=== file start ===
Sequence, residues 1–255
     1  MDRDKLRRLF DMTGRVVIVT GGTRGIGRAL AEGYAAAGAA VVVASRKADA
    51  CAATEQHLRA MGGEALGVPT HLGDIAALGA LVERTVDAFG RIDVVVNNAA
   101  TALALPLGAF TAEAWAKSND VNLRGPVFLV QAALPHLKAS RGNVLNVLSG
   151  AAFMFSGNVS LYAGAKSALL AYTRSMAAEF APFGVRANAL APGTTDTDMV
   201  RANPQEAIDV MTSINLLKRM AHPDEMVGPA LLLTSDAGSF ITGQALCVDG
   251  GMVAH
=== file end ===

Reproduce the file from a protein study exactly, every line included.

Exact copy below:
Sequence, residues 1–255
     1  MDRDKLRRLF DMTGRVVIVT GGTRGIGRAL AEGYAAAGAA VVVASRKADA
    51  CAATEQHLRA MGGEALGVPT HLGDIAALGA LVERTVDAFG RIDVVVNNAA
   101  TALALPLGAF TAEAWAKSND VNLRGPVFLV QAALPHLKAS RGNVLNVLSG
   151  AAFMFSGNVS LYAGAKSALL AYTRSMAAEF APFGVRANAL APGTTDTDMV
   201  RANPQEAIDV MTSINLLKRM AHPDEMVGPA LLLTSDAGSF ITGQALCVDG
   251  GMVAH